Back to our regular scheduled program…
Well, not exactly. I was really hoping not to do a blog post about why I have not been posting, it has become a bit of a cliché. Still, it’s what I’ve got on my mind right now so why not?
The problem isn’t that I have nothing to post about, but it is partly that I don’t have anything brief. I have been doing a lot lately, CQRS, DDD, TDD, Silverlight, WCF (ugh!), some ALT.NET stuff (well going out for beers anyways). I just recently got back from Africa, we are in the middle of a kitchen renovation (going disastrously, thanks for asking) and work has been fairly hectic last month.
In lieu of anything more interesting you can check out my Picasa album of Africa pics.
I am planning a couple of posts though, and this weekend I hope to get out at least one or two and post date them for the next couple of weeks. I have a couple of code sample/tutorial style posts planned and I am eager to get them done so hopefully they get done soon to, but here is what I’m thinking about
MAF -> MEF Sample Application
Right before I went to ALT.NET Seattle I was tasked with reviewing and documenting a add-ins framework at work that used MAF (managed add-ins framework). Now the code behind this was pretty good, but MAF feels awkward, bloated and like an unfinished painting. To even use it you have to download this Pipeline Builder from codeplex that MS never even finished properly. Someone who used MAF had to fix it up themselves to get it working again. Note to Microsoft, open source software is not a licence to half-ass everything.
Anyways, I decided to do something about it and began to look into the managed extensibility framework** -** MEF (you wouldn’t believe how many confusing conversations I’ve had at work talking about MAF and MEF in the same discussion) which is an altogether different beast from MAF, but nonetheless serves some similar purposes in that it allows you to make application design more “pluggable” or in their words “extensible”.
Well I started a conversation on Twitter with team lead Glen Block (@gblock) and started to ask about the possibility of switching one from the other. Fortune had it we would both be at ALT.NET Seattle so we took about an hour or so during a Code-Dojo session and refactored one of the sample apps replacing MAF entirely with MAF. It was quite easy in fact, so easy the when I got back from the conference I took some of my ‘scheduled “documentation” time to replace it in our production app. Successfully, I might add, the change is already in production and even fixed a couple of hard to pinpoint performance issues.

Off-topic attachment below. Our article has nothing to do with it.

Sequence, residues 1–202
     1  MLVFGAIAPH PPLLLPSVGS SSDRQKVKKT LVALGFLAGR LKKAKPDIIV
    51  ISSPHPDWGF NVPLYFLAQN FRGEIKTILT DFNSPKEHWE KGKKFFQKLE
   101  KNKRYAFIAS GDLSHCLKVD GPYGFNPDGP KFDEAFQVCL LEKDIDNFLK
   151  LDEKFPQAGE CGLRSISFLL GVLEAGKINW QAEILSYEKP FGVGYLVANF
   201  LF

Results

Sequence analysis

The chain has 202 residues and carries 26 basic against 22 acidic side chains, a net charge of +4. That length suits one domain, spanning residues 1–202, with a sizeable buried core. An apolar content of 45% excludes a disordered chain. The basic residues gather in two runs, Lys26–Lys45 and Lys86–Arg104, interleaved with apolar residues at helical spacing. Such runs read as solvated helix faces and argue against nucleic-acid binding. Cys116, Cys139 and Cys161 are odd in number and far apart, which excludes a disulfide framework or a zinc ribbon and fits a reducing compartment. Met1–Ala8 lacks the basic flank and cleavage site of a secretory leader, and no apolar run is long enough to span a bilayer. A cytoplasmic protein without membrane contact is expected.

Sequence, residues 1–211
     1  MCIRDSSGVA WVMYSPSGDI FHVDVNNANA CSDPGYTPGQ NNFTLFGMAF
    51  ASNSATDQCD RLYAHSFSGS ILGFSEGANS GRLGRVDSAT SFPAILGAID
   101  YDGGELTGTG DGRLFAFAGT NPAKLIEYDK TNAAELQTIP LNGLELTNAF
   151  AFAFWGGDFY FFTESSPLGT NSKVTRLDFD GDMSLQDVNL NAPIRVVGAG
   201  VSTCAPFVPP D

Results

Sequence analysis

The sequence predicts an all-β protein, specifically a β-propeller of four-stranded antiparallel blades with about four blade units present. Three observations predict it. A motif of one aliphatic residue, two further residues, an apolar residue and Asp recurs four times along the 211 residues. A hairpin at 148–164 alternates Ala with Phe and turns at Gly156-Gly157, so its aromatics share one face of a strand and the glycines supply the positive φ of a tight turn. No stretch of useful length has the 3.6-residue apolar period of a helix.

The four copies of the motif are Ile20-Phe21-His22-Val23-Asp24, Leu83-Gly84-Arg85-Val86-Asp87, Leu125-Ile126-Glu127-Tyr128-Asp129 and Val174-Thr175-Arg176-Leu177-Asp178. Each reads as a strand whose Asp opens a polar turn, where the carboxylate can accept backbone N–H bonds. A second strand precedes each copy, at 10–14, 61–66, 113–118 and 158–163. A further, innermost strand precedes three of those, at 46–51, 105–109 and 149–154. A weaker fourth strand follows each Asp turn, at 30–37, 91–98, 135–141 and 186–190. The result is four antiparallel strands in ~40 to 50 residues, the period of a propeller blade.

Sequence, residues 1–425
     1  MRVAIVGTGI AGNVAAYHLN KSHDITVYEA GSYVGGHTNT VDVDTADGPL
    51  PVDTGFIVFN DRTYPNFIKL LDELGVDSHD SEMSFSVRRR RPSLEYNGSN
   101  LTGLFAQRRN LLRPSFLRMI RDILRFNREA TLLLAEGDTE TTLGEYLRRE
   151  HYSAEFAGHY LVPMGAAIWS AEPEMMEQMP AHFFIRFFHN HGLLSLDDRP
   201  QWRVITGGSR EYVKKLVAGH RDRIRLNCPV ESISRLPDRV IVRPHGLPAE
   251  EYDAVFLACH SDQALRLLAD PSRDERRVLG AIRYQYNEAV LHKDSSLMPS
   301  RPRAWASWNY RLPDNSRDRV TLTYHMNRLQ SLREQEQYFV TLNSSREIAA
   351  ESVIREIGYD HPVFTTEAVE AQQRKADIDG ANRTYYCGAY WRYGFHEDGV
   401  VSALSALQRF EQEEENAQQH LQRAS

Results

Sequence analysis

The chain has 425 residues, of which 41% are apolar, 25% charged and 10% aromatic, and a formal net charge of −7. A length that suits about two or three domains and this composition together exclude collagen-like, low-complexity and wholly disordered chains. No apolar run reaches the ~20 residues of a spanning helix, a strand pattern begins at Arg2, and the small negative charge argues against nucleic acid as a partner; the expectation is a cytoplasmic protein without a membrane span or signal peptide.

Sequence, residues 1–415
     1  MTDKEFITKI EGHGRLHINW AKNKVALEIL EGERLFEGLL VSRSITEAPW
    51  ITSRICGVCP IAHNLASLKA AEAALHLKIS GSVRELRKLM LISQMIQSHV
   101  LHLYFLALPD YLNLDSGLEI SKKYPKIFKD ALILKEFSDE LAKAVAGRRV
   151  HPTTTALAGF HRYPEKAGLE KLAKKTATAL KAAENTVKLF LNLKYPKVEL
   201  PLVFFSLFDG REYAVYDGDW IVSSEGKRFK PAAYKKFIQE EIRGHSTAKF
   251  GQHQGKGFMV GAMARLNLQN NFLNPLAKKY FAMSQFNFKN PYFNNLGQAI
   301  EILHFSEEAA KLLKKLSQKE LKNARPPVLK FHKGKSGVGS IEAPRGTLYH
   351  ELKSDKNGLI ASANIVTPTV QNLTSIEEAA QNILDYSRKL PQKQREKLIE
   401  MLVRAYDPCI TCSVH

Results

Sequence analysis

While Glen and I were doing this, I kept my Git workflow going and synced up with a Github repo so that everyone could follow our process. So for anyone who has worked with a MAF application and is interested in what MEF has to offer please feel free to pull it down. A quick warning though, we did this in a hurry and did not have time to clean up (and there was a lot to clean up), or wire up all of the features of the calculates (the graphing part isn’t working yet).
I have had the opportunity to start building a CQRS/DDD based system as part of my work (I know right!). It’s been quite an experience, I am finally beginning to grok the concepts of DDD much more clearly in the framework of a CQRS design. I started “rolling my own” but after reviewing the code and design of the very new NCQRS framework I decided it would be much better to use and support NCQRS than to continue down my own path. I plan to put together a simple getting started post soon, but I need time to put the code together.